Individuals served in 2018: 34,155
- Population: Nearly 264 million
- Urbanization: 55.3 percent live in cities
- Life expectancy: 73.2 years
- Unemployment rate: 5.4 percent
- Population living below poverty line: 10.6 percent
Source: World Factbook, World Bank
Habitat for Humanity in Indonesia
Habitat for Humanity started in Indonesia in 1997 and currently works through branches in Jakarta, Surabaya, Yogyakarta, and Batam. Habitat aims to galvanize resources to help more than 40,000 families improve their housing conditions and provide access to housing in the next two years. Habitat Indonesia aims to reach 100,000 families served by supporting through housing, market development, water and sanitation, and open defecation-free programs by 2020.
The housing need in Indonesia
Indonesia is the world’s most extensive archipelago with more than 17,500 islands. Despite significant economic growth, about 26 million Indonesians are living below the poverty line, according to the country’s Central Bureau of Statistics. These families face greater hardships in times of an economic downturn or a natural disaster. Indonesia is prone to earthquakes and volcanic eruptions with droughts, flooding, and mudslides expected to worsen due to climate change. Currently, nearly 70 percent of low-income housing is built by the families themselves rather than by the government or private developers. Almost 25 million families live in urban slums with many others settling along railway tracks and riverbanks, and on streets.
How Habitat addresses the need in Indonesia
Habitat works with its partners to build, repair and rehabilitate homes, and improve water and sanitation and educational facilities. Besides rebuilding homes after disasters, Habitat trains people to prepare for and lessen the impact of future disasters. Habitat Indonesia also aims to help 24,200 families through supporting its partners to increase products, services and financing for affordable housing. By 2020, Habitat Indonesia aims to mobilize 20,000 volunteers in raising awareness of the need for adequate housing.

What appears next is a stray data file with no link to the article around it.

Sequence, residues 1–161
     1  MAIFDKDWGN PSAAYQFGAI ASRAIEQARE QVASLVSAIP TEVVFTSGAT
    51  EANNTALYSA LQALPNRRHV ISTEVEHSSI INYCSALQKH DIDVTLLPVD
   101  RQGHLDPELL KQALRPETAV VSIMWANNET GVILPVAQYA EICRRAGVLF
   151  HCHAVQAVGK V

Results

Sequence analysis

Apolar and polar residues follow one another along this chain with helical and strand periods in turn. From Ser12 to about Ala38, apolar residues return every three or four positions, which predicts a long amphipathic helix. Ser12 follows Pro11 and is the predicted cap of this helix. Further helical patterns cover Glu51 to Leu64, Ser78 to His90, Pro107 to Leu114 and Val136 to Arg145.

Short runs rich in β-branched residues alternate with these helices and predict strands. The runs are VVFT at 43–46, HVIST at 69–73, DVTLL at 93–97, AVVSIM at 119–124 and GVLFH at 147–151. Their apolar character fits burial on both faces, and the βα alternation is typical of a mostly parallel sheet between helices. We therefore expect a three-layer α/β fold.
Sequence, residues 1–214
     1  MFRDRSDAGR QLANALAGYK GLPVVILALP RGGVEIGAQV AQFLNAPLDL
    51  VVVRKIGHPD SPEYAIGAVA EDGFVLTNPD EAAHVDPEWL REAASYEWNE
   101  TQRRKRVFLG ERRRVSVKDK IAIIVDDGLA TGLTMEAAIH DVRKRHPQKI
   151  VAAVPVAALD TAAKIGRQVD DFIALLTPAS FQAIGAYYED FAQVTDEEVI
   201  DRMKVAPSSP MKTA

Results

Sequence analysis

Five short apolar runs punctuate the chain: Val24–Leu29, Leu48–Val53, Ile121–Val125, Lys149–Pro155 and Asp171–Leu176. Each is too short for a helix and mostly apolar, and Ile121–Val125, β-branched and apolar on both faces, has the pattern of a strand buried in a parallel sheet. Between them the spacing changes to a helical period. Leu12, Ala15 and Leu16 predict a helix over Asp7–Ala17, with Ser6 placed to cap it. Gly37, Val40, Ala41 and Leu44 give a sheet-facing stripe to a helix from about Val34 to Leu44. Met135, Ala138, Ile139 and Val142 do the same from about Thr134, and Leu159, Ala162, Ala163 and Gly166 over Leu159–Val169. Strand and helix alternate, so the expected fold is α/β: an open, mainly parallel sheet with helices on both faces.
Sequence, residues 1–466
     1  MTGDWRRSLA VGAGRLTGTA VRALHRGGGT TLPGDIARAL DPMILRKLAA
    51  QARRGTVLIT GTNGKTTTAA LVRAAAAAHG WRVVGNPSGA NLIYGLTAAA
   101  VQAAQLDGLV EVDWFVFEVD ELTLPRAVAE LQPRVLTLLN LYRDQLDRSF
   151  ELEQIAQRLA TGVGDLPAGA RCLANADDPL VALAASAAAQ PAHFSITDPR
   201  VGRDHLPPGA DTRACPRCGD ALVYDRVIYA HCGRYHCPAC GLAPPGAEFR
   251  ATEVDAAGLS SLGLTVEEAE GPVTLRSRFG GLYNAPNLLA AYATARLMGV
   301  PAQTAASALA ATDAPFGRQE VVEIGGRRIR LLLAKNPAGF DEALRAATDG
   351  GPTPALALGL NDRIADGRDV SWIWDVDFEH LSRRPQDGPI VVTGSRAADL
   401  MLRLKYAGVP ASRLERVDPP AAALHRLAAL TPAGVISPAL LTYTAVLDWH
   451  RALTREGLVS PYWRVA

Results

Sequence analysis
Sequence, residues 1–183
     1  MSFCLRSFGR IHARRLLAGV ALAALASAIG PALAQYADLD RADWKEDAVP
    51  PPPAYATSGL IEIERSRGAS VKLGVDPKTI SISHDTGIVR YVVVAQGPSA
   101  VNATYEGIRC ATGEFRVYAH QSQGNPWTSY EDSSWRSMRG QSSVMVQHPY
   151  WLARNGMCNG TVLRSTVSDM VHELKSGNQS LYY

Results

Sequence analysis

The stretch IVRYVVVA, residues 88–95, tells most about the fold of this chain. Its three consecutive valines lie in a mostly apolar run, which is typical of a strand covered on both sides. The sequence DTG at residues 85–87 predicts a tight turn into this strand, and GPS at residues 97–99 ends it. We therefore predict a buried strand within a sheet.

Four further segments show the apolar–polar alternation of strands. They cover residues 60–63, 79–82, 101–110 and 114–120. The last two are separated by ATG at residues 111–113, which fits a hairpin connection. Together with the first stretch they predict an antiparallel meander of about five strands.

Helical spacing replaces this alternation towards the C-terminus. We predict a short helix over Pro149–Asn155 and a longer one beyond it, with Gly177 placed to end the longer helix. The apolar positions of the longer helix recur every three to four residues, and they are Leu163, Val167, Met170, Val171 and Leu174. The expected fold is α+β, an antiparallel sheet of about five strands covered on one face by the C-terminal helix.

Safe, secure homes
Habitat Indonesia typically builds houses that have a reinforced concrete structure, brick walls and a lightweight steel roof. Each house is between 26 and 28 square meters in size, with two bedrooms, a multipurpose room as well as water and sanitation and waste disposal facilities. Complying with national housing quality standards, Habitat houses are made of durable, non-hazardous materials and located at a safe distance from disaster-prone areas.
Disaster response and preparedness
Tapping into its expertise in responding to the December 2004 Indian Ocean tsunami, Habitat Indonesia has helped families who were affected by earthquakes, volcanic eruptions and flooding in East and Central Java, North Sumatra, North Sulawesi and Yogyakarta. Not only did Habitat rebuild homes but it also trained communities to be prepared for disasters and to reduce such risks. Following tsunami and earthquakes in Lombok, Central Sulawesi and Banten in late 2018, Habitat built much-needed water and sanitation facilities, distributed rubble removal kits and emergency hygiene kits, and built transitional shelter.
Housing microfinance partnerships
Through market development, Habitat Indonesia is better able to understand and influence the functioning of markets to meet affordable housing needs. Toward that end, Habitat aims to help at least 20,000 families in Indonesia access decent, affordable housing by 2020. In Indonesia, Habitat works with microfinance institutions in developing housing improvement and water and sanitation loans. Habitat also partners with housing developers, government, and other organizations to provide affordable housing products and services.
In 2018, global volunteer teams came from Australia, China, Hong Kong, Japan, Korea, Singapore, Canada, the Netherlands, Saudi Arabia and Spain. Local volunteers from corporations, international schools, and Indonesian universities also lent a hand at large-scale events such as Habitat Young Leaders Build and 28uild. Over at Batam island, Habitat Indonesia hosts a constant stream of volunteers from Singapore who take part in weekend Batam Builds.
Meet a Habitat family
In the early years of her marriage, Elisabet, now 30, had felt the strain of living under the same roof with six other people in a cramped house in East Java. Her husband Sudarsono, a 35-year-old factory worker, decided they would move out and lived in a bamboo hut that belonged to his parents. While pregnant with her first child, Elisabet had to relieve herself in nearby fields in the middle of the night because there was no toilet in their hut. Due to the poor living conditions, her firstborn child Jason often fell ill. After Sudarsono and Elisabet built a new home in Wringinanom sub-district, Gresik regency, with Habitat for Humanity Indonesia, they saw positive changes in their lives. The couple has increased their family income by cultivating corn and by starting a home-based snacks business. Their son Jason, now aged 9, is healthier and doing better in school. Currently expecting her second child, Elisabet says her home gives her comfort. She wants her children to be highly educated and be able to build their own home. “Home is everything,” Elisabet says.